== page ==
Large intra-abdominal abscess treatment by marsupialization in 2 alpacas

Rebecca Rodvold, Jose L. Mendez-Angulo, Anna M. Firshman, Erin Malone, Anne Nicholson

Research output: Contribution to journalArticlepeer-review


OBJECTIVES: To report the clinical signs, diagnostic findings, surgical treatment, postoperative complications, and long-term outcome in 2 adult alpacas with large intra-abdominal abscesses treated by marsupialization of the abscess to the ventral body wall. STUDY DESIGN: Clinical report. ANIMALS: Alpacas (n = 2). METHODS: Two alpacas each presented with decreased appetite, lethargy, poor body condition, and marked abdominal distension. A complete physical examination, abdominal radiography, and ultrasonography confirmed the presence of large intra-abdominal abscesses. Streptococcus equi ssp. zooepidemicus was cultured from the abscess fluid of alpaca 1, and a Gram-negative bacillus from alpaca 2. RESULTS: Both alpacas had exploratory celiotomy with marsupialization of the abdominal abscess to the ventral body wall. Postoperatively, alpacas were administered systemic antibiotics and non-steroidal anti-inflammatory drugs, and the abscesses were lavaged for several days. Alpaca 2 required a second surgical procedure. The abscesses ultimately resolved in both alpacas, with body wall hernia formation as the only major complication. Both alpacas had good long-term outcomes. CONCLUSION: Marsupialization to the ventral abdominal wall with concurrent antibiotic treatment should be considered as a treatment option for alpacas with large intra-abdominal abscesses in which complete surgical resection of the abscess is not possible. An abdominal wall hernia can result from this procedure, and clients should be informed of this potential complication before surgery.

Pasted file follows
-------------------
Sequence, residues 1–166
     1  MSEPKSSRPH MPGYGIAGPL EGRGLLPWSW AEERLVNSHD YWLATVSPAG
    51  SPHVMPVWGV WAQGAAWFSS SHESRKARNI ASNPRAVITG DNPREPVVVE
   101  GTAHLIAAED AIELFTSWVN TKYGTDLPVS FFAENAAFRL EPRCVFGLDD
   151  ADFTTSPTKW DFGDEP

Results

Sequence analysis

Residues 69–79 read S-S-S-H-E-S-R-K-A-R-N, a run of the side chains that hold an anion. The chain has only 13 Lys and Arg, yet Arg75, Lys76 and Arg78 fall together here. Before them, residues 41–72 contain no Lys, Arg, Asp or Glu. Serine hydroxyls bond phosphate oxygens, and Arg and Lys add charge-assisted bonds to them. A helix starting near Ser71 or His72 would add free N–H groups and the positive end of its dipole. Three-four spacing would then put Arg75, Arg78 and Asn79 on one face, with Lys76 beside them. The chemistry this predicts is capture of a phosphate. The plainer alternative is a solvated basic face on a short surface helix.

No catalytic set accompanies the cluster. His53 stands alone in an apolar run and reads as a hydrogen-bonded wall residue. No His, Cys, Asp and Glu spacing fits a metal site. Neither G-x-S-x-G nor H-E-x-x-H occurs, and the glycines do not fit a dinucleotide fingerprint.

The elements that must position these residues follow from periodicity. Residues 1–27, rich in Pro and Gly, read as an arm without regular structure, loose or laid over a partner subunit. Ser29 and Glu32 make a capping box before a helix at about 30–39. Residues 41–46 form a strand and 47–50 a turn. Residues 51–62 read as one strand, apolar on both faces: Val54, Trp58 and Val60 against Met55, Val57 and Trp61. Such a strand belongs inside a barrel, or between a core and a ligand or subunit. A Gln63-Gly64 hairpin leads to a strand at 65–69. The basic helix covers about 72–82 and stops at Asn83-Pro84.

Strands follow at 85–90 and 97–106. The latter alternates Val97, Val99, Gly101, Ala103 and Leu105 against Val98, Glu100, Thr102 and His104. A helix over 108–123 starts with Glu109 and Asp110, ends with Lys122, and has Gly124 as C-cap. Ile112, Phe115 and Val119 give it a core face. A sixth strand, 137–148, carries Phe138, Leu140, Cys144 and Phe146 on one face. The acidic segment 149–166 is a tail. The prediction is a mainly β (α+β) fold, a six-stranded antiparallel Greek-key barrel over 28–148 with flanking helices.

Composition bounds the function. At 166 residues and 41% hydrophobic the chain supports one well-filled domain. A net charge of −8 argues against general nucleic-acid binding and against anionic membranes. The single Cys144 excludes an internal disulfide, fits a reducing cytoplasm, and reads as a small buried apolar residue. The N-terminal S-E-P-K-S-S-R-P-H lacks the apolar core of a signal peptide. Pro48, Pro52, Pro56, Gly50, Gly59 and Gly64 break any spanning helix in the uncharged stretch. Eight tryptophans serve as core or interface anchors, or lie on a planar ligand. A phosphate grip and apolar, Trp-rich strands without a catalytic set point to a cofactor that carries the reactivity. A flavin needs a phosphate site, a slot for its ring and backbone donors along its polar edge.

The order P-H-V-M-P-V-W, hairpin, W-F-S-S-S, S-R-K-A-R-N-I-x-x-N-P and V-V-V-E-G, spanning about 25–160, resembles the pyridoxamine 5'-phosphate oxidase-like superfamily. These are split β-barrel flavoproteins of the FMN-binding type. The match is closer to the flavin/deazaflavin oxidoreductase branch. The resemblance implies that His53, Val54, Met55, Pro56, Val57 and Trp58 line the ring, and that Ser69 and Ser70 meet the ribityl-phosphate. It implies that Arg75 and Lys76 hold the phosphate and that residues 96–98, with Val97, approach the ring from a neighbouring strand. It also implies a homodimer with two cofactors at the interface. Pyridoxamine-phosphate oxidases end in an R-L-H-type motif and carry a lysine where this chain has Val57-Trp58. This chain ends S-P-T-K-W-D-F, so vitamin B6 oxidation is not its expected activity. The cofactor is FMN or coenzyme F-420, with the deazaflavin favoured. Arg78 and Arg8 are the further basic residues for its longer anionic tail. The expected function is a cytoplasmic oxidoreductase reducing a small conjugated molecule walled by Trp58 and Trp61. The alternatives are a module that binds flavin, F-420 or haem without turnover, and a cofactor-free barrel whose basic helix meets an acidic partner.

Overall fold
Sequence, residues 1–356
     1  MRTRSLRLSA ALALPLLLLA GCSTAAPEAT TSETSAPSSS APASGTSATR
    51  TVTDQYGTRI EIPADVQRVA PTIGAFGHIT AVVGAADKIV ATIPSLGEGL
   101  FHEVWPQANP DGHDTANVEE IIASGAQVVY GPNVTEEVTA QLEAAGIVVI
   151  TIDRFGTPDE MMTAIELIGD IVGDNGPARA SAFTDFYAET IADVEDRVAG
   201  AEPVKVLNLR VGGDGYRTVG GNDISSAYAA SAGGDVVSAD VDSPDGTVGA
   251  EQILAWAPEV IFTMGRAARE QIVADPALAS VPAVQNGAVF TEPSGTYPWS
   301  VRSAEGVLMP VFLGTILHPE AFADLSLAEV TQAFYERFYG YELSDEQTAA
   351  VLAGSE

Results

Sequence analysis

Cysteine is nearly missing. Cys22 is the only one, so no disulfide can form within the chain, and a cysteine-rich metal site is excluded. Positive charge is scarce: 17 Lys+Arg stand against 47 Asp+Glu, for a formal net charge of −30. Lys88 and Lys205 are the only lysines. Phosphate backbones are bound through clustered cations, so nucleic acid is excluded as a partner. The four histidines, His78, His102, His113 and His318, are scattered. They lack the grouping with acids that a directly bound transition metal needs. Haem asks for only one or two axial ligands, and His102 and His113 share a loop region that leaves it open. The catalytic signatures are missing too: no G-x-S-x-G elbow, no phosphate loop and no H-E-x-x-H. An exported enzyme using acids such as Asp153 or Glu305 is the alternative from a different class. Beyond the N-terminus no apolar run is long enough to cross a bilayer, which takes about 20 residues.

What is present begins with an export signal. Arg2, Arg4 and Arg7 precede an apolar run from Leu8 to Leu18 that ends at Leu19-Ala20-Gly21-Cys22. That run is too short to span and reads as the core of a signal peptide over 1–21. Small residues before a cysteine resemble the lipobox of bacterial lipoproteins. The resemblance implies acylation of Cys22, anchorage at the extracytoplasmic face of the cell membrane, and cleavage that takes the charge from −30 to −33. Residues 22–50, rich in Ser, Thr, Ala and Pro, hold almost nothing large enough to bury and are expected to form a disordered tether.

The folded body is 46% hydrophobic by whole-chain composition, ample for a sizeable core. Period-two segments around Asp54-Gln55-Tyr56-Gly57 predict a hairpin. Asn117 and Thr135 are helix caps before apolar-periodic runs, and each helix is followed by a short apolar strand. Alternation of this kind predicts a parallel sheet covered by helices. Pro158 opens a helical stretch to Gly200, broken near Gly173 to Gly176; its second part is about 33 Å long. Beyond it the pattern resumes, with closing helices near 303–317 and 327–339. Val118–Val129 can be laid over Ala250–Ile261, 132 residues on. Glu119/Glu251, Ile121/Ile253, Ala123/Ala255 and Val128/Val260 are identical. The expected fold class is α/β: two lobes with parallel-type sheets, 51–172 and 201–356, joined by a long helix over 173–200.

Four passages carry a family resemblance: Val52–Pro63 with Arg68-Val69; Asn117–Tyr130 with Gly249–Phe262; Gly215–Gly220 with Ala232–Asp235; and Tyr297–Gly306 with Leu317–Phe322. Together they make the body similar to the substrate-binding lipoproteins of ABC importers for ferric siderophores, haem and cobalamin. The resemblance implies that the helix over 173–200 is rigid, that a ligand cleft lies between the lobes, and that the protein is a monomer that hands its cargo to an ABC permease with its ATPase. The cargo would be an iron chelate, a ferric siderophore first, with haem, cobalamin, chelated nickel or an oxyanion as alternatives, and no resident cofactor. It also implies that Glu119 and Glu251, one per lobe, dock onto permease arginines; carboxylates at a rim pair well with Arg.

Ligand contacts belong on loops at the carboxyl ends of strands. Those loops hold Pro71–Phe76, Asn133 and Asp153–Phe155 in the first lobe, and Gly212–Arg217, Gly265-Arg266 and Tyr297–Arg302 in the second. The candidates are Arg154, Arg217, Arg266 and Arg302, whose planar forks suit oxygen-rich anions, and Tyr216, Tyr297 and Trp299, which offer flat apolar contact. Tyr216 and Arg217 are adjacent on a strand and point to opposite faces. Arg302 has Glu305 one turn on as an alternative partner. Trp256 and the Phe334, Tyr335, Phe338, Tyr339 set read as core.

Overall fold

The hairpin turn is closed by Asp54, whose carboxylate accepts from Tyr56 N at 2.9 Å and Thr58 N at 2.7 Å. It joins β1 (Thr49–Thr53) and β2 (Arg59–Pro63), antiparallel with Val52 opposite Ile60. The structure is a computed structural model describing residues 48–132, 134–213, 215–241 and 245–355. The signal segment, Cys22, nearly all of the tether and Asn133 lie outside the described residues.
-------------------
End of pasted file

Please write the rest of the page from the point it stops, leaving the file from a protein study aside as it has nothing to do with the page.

Original languageEnglish
Pages (from-to)1004-1008
Number of pages5
JournalVeterinary Surgery
Issue number8
StatePublished - Nov 2014

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